Which mobile development is better? Is it native or hybrid? Well, it depends on your idea and your overall business plan.
It’s not a question of which one is better but which development approach is better for your long term. The objective is a great app used by millions of users and a good business behind it.
There are two significantly different approaches to building an app. Native and Hybrid. A Native approach relies on the hardware and operating system native language (Swift for iOS and Java or Kotlin for Android). Hybrid app development, on the other hand, uses a container to run your application in, a framework which is pretty much the same for either platform. Each approach is fundamentally different and has strong evangelists in each camp.
You might have been talking to mobile app development agencies and heard these terms like React, Native, Hybrid or even Xcode.
The objective of this article is to explain two different routes to the same destination. Mobile development agency might make that choice for you, or like Empire Elements will consult this with you and help you choose the right one which is best for your long term business plan.
The debate in the mobile industry is never ending, native or hybrid app development?
Native app development
A native mobile app is developed for a specific platform, specifically for iOS or Android. A developer has direct access to device hardware like Bluetooth, microphone, GPS. This results in faster access and ultimately, better performance and security. The UI can also be streamlined and optimised better to suit your brand. Among other benefits, we have the option of offline use. So if you are planning a complex app which uses the hardware then choose native application development. Yes, it means that you will have two code bases, one for iOS and one for Android but you can manage each platform, and it’s potential. For example, Apple has an excellent subscription system, and in-app purchases, Android offers the same, but these features would have to be developed with a slight difference, in two separate code branches. Separated branches are not necessarily a bad thing, and it gives you more options, such as security.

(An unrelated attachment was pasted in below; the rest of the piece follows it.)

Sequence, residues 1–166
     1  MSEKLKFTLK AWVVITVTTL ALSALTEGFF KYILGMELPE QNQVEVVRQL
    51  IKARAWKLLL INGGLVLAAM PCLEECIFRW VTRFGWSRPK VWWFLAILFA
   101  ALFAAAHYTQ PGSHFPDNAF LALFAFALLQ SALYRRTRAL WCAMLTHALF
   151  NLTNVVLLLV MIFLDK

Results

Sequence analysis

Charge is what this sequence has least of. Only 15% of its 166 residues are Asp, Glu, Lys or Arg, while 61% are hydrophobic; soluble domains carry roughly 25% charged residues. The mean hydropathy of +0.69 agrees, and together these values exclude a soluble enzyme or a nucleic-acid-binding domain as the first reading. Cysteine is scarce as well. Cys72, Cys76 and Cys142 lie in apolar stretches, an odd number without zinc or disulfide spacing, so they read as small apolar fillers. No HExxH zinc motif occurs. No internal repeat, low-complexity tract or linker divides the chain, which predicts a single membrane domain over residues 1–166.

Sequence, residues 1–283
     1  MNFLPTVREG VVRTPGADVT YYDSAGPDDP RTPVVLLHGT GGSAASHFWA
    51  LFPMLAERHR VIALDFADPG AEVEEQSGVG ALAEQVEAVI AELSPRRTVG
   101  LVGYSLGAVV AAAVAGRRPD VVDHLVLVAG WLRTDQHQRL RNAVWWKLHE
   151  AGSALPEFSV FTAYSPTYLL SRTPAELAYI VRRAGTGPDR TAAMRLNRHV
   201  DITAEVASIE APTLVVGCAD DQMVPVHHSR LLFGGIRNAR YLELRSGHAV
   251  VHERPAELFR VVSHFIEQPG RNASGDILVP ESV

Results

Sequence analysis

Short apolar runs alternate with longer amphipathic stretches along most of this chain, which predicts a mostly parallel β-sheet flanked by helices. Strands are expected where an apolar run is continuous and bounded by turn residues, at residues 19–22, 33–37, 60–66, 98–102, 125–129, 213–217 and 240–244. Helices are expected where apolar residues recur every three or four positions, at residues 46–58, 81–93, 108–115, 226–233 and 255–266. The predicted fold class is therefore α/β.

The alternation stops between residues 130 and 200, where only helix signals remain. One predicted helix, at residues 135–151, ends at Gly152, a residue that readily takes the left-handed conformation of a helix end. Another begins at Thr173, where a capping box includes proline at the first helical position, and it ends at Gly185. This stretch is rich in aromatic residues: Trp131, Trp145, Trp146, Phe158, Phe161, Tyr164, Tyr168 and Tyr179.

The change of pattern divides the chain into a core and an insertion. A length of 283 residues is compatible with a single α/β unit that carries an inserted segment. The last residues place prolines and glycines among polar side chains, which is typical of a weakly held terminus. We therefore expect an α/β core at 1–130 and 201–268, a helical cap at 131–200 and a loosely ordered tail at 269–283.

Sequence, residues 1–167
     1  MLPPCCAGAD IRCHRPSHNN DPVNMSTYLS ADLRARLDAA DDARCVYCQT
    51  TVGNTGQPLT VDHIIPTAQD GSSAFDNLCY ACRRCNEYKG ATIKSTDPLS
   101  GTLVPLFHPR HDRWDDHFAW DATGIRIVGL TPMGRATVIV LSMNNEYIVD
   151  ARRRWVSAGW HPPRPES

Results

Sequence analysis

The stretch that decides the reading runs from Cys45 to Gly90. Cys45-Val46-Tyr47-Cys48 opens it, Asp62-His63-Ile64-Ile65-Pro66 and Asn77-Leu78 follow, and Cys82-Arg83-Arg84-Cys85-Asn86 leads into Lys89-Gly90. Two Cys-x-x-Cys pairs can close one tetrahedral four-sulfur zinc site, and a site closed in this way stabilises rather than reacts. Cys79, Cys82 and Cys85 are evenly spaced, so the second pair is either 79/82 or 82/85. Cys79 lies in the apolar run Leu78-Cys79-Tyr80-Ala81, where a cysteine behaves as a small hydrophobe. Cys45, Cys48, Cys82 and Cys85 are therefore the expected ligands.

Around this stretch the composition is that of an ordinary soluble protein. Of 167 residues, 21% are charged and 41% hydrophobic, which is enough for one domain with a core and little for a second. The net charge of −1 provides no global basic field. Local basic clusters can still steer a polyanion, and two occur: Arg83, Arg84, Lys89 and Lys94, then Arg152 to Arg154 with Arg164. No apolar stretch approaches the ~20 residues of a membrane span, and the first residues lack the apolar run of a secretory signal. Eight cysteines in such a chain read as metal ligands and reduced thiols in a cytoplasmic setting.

Hybrid app development
Frameworks like React Native or Ionic have been around for a few years now and gathered momentum among developers and businesses. Hybrid frameworks got better, faster, and there are some cool things they can do but have their drawbacks. A battery consumption, the device security and somewhat lack of advanced plugins are the most significant drawbacks. It means that some features still need to be “connected” natively despite using a framework. Camera or video playback is just one of the examples. React Native allows for native connections to be made, that’s a neat feature.
So which one is better for you?
It depends really on how complex your app will be. Loading data and sending data is something a hybrid framework can do well, it’s fast development time, already made modules and plugins mean you can have web team capable of building and maintaining a mobile app (probably alongside your web app) and miraculously even from a single codebase. The ionic framework allows us to create something like this. Development is cheaper and faster, usually less expensive to maintain in the long run too.
Choose native development if you plan to use more hardware functions and if you want better options for security and user interface and user experience. Native development is how apps were meant to be built.
Examples of a different approach
Do A Wilson app was developed natively in Swift language for iOS because of the native controller of the device like location, subscription, camera and Metal graphics. The results are apparent; it would only not be cost efficient to build this solution in a hybrid framework.
Scoob-E was on the hand was developed using React Hybrid Framework for speedier development for both platforms (iOS and Android) and that the app does not use sophisticated features. There is a pot of API “chatter” between the app and our servers, but that’s fine as it’s fully server-less and automatically scalable. The client has saved 35% of costs and two months 0f development time.
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